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Comportamiento del Consumidor

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Presentación del tema: "Comportamiento del Consumidor"— Transcripción de la presentación:

1 Comportamiento del Consumidor
Esta presentación es solo un complemento de la unidad. En ningún caso, exceptúa al alumno de la lectura de la bibliografía de la materia.

Proceso decisorio de compra Funciones en la Compra INICIADOR INFLUYENTE DECISOR COMPRADOR USUARIO

3 Proceso decisorio de compra
En general se pueden identificar 5 fases en los procesos de decisión complejos: Estará influido por variables internas, externas y el marketing mix; MARKETING MIX (4 P) RECONOCIMIENTO DEL PROBLEMA VARIABLES INTERNAS Características personales Motivación Percepción Aprendizaje Creencias y Actitudes VARIABLES EXTERNAS Entorno Culturas Grupo social Influencias personales Familia BUSQUEDA DE INFORMACION EVALUACIÓN DE ALTERNATIVAS DECISION DE COMPRA O NO COMPRA COMPORTAMIENTO POSTERIOR

4 Variables o factores que afectan el comportamiento del consumidor
Characteristics Affecting Consumer Behavior This CTR relates to Figure 5-2 on p.135 and previews the material on pp Variables o factores que afectan el comportamiento del consumidor Culturales Sociales Influences on Consumers Cultural. Culture is the most basic influence on a person's values, priorities, and beliefs. Cultural shifts make marketing opportunities although most such changes are in secondary rather than core cultural values. Subcultures are important markets as these groups are often significantly different in their needs to warrant different marketing approaches. Social. Social class is determined by a combination of income, occupation, education, wealth and other variables. Social factors within one's class that affect consumer behavior include reference groups & aspirational groups. Families also exert strong social influences. Finally, each relationship a person has with his or her group carries with it certain roles and status that may carry consumptive responsibilities. Personal. Major personal factors are age and life cycle stage, occupation, economic situation, life style and personality/self-concept. Texts vary in their treatment of the PLC stages but it is clear that singles buy different products than do young marrieds with small children. Occupations differ in time constraints and social pressures to conform that affect consumption decisions. Lifestyles measured by AIO or VALS typologies can reveal different consumption patterns across otherwise dissimilar groups. The unique characteristics of each person that make up their personality also affect behavior. Psychological. Maslow's hierarchy reminds marketers that need states vary in their intensity or motivation. Perception is the process of organizing stimuli and is influenced by selective exposure, distortion, & retention. Learning occurs in response to the presentation of information linked to relevant drives, cues, responses, and reinforcement only some of which is under the control of the marketer. Beliefs and attitudes, though shaped by cultural and social forces, may vary considerably on the individual level. Personales Psicológicas Comprador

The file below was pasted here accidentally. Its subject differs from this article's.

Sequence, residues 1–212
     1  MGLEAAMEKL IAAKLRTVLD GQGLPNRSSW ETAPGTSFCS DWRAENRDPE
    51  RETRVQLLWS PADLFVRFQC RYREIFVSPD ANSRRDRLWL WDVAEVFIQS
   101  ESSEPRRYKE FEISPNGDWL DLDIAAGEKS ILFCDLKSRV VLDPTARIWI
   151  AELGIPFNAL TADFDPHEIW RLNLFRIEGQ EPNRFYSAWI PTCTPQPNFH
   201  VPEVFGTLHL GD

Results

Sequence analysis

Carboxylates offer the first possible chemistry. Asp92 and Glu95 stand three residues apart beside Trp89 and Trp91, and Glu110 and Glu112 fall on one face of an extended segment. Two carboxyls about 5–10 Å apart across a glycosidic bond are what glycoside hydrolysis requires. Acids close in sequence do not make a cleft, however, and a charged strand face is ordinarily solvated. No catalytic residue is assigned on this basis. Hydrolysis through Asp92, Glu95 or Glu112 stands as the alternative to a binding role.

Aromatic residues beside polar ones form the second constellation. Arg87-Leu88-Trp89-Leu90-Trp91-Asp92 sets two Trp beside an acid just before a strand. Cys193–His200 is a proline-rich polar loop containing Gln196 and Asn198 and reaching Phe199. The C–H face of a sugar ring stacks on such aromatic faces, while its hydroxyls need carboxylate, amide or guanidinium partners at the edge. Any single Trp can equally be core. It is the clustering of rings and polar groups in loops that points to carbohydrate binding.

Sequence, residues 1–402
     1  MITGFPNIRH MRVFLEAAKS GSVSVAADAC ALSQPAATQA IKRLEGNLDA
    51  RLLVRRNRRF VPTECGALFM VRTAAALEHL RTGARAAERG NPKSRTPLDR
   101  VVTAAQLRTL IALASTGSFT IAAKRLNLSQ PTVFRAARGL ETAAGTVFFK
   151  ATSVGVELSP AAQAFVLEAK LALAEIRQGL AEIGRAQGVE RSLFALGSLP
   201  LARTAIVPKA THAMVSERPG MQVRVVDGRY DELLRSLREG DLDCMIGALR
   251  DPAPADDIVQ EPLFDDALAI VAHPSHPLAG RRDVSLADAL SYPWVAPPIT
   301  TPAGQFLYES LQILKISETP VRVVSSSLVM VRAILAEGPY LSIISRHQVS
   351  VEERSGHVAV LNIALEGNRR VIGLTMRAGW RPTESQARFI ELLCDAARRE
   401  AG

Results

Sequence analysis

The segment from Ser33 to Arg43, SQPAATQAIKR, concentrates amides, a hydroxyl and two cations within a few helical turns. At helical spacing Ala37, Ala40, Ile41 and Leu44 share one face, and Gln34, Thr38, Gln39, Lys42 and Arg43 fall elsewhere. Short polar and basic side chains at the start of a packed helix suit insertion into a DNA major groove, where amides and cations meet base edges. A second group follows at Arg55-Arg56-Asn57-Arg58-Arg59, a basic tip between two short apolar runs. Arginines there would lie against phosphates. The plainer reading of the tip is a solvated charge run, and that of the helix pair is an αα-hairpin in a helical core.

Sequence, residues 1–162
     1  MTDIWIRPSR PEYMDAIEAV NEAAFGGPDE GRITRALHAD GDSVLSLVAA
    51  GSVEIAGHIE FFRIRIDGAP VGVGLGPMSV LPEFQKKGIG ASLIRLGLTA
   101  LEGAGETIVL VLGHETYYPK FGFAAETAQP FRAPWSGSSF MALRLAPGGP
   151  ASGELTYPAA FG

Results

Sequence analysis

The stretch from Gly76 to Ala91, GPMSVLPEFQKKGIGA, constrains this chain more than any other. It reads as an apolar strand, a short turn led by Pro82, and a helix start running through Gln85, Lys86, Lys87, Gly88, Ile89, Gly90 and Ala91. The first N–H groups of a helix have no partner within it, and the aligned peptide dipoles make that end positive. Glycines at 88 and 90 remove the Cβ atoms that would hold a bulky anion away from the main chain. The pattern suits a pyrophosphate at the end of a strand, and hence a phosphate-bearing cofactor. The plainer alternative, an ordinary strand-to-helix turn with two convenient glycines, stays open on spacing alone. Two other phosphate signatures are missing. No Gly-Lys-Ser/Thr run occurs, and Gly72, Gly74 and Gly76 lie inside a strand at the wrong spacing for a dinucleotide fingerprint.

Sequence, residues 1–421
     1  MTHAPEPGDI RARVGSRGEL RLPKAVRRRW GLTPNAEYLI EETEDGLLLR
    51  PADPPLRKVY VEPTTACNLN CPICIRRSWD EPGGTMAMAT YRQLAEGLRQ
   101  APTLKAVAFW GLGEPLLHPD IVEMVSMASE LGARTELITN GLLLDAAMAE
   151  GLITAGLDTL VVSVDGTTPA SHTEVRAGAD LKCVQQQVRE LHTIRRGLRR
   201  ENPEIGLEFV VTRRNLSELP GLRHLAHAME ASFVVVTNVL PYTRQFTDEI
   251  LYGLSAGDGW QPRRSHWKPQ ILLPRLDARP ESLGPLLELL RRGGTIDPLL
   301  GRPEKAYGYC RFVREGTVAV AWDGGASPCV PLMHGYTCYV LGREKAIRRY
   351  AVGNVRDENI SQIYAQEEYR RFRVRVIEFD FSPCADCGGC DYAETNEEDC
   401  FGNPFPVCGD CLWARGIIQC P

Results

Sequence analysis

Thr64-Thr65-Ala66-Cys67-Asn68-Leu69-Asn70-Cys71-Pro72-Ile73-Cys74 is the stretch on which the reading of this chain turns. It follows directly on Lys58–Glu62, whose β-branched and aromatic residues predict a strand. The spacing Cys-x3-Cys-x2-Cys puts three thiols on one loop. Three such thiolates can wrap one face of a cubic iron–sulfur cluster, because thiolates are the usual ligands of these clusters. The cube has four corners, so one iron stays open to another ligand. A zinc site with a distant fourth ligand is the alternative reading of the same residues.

5 c) Clases sociales Niveles Socioeconómicos: Clase Alta A
Variables / Factores Culturales: a) Cultura b) Subcultura c) Clases sociales Niveles Socioeconómicos: Clase Alta A Clase Mediana B Clase Media Alta C1 Clase Media Baja C2 Clase Baja D Clase Baja Inferior E

6 INSE La AAM desde 1989 elabora un índice que tiene validez general: NIVEL CLASE INSTRUMENTALMENTE ABC1 Alta – Media alta C2 C3 Media Típica Media Baja C2 C3 D1 D2 E Baja superior Baja inferior Marginal DE

7 Factores Sociales: a) Grupos de referencias Grupos primarios
De Pertenencia De aspiración Disociativos Grupos primarios Grupos Secundarios Ascendencia b) Familia De Procreación

8 Factores Personales Influencias personales
Identificación con un estilo de vida Factors Affecting Consumer Behavior: Personal This CTR corresponds to Table 5-2 on p. 142 and the material on pp Factores Personales Edad y etapa del ciclo de vida familiar Ocupación Situación económica Personalidad y autoconcepto Personal Factors Age and Family Life-Cycle Stage. Buyers’ choices are affected by changes in their age and family structure over time. Young singles have different tastes in clothes, furniture, food, and recreation than do middle aged persons with their own children. Older consumers continue to change in their preferences and additionally acquire new buyer needs such as increased health care needs. Occupation. A person’s occupation carries with it distinct consumptive needs. White collar workers need different clothes than blue collar workers. Also, occupations usually carry their own subcultural norms and values that influence buyer behavior. Economic Situation. Means constrain buyer behavior for almost everyone except for the most wealthy. Personality and Self-Concept. Personality refers to the unique psychological characteristics that lead to relatively consistent and lasting response to one’s own environment. Self-concept is the basic perception that people have about who they are. Lifestyle Lifestyle is a person’s pattern of living as expressed in her or his activities, interests, and opinions. Determining lifestyle involves measuring AIO dimensions -- the Activities, Interests, and Opinions of consumers. Psychographics. Lifestyle measures combined with demographic information can identify distinct market segments for consumer products and services. The best known of these methods, VALS 2, is addressed on the following CTR. Actividades Opiniones Intereses